Growlygracepress's Blog


grinning like an alsatian
August 31, 2013, 11:49 am
Filed under: Uncategorized | Tags: , ,

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This book is the result of a great deal of practice and of learning how I make mistakes. There is misplaced emphasis on not how we learn where much more interesting is learning how I failed. In the course of getting to here I must have attempted to make this book over 50 times. Actually it’s a lot more because I when I was failing I would be making 5 or 10 at a time. My learning strategy was so busted that I could do was repeat the same mistakes again and again.

What changed for me this time was the digital callipers.

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I got the Goldielocks book and really examined it. I resisted the strong urge to rip it down to it’s parts.

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And then I just turned every thing down. All the parts were made as thinly as possible with out losing strength.
(the spring on the spine of top book does need some remedial work. I made the spring from layers of 50% cotton, some bank, some laid and a hand made craft and I need it to be a bit stronger)

I was also helped by the finding of a carrier bag full of off cuts that I had put aside for printing on. So I had another shot at it and got this.

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I don’t care that it’s not got it’s cover on all I want to be able to do is the structure.

Orphans.

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heads

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When I get it right.
February 16, 2012, 11:18 am
Filed under: Uncategorized | Tags: , ,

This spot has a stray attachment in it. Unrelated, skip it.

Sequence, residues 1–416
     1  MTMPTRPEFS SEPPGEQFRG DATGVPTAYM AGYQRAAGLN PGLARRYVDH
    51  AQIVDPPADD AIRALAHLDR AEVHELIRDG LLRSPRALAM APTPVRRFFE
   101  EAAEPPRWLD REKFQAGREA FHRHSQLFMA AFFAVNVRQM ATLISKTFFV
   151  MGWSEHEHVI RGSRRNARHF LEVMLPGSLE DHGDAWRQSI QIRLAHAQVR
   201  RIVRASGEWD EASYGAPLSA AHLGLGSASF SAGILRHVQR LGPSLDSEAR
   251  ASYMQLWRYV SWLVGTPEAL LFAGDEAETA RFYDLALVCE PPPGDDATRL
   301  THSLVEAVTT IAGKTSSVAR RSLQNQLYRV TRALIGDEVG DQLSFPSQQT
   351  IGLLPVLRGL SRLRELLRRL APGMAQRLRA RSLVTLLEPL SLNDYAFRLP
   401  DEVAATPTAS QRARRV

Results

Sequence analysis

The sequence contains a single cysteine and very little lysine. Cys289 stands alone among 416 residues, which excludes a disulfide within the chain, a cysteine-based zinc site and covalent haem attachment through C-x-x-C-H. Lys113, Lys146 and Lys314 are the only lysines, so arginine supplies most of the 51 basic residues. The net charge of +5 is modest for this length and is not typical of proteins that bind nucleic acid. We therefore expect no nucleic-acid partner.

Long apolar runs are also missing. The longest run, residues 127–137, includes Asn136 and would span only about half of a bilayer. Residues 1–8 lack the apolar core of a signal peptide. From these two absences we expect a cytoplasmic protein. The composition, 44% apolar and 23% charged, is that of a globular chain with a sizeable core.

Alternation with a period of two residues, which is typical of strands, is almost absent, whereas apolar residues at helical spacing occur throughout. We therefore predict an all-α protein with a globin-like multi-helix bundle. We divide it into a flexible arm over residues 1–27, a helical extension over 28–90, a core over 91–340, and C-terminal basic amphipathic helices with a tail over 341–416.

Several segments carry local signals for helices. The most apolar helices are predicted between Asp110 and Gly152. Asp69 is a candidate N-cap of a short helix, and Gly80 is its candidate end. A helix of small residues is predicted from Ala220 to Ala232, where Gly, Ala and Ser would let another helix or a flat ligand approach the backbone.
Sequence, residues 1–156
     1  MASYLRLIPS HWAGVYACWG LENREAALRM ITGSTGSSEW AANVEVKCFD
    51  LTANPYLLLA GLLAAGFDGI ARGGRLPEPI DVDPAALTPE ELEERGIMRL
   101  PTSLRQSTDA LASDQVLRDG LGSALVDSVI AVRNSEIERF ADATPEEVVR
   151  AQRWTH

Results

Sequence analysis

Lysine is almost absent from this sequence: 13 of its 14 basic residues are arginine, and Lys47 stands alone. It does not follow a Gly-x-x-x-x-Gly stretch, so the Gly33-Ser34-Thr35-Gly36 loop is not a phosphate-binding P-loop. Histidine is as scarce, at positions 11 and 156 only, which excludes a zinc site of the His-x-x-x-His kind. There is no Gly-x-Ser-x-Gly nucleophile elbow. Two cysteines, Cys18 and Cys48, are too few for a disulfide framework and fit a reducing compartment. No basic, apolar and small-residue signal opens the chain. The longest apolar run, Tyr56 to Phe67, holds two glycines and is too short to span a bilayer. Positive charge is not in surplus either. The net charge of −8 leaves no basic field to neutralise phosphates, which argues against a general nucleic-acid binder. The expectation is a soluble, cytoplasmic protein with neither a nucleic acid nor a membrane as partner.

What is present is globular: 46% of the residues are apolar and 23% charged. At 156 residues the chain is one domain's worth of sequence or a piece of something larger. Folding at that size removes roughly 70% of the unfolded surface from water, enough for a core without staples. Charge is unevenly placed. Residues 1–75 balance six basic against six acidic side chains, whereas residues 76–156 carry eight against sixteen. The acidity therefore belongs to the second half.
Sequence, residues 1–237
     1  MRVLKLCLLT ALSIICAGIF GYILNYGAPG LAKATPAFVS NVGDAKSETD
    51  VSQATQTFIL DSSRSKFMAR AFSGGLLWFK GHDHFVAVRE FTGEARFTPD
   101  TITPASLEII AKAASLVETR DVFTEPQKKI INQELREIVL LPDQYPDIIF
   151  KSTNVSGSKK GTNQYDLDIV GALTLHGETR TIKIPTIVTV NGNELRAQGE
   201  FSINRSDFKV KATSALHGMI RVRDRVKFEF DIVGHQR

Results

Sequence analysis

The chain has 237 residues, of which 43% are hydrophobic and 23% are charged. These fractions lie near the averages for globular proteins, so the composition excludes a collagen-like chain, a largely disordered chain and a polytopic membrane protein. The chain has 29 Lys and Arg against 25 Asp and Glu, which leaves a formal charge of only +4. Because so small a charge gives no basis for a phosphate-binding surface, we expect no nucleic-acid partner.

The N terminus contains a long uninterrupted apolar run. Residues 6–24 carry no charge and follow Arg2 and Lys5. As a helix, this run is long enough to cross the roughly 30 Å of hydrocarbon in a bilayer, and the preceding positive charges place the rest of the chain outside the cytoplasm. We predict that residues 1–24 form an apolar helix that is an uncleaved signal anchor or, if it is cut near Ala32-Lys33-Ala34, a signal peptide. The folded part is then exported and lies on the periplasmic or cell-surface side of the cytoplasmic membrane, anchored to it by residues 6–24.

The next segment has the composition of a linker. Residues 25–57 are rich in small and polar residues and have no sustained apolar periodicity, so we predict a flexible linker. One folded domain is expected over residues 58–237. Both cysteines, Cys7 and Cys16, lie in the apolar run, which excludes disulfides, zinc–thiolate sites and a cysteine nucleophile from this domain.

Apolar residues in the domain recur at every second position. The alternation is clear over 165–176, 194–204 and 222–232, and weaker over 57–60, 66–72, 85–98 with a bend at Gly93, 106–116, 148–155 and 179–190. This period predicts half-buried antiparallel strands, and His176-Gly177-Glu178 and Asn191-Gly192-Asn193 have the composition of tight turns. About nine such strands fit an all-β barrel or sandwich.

I have always been happy that a book I have made for a commission has been to the best of my abilities and that I have committed myself and the materials to make what the client instructs. If it I had a sense of failure I would not take the payment. All my best work is in clients hands.

What I have is a bit slush pile of finished and incomplete books, experiments that were never finished. I whittle them down and bin them every so often. So this process has yielded books that I am naturally selecting because they please me in some way.

The book with the Lindisfarne lettering on it works beautifully and I have held on to it because it I asked for and took advice about how to do the “on-lay” and I followed the advise to the letter! The leather is pared to almost the point of transparency so it looks like paint stroke.

The natural line of the edge of the leather works and the marble paper works.

I should do more of this.

The two little books with no covers were initially made for an artist, I had previously made her books that had big long leather ties on them as a security device at an exhibition and I noticed one day that she had bound the books together with the ties. I decided to make her what I called “umbilical books” that these little books could be connected like twins.

But I liked them so much I kept them and I like them because with out there leather they look great, functional and industrial.

I should do more of this.

I did actually. The book with the flower on is partly a response to seeing the arty farty books at the Designer Bookbinders exhibition, it’s me having a bash at graphics rather than type and it’s all rightish but I couldn’t eat a whole one.

Whats good about it is that the binding method, for a “ledger” that book is neat, sweet and petite.

I make big fearsome books they could be used as weapons.

I need to do more like this.

And Soetsu Yanagi (go look him up) is going to give me a map.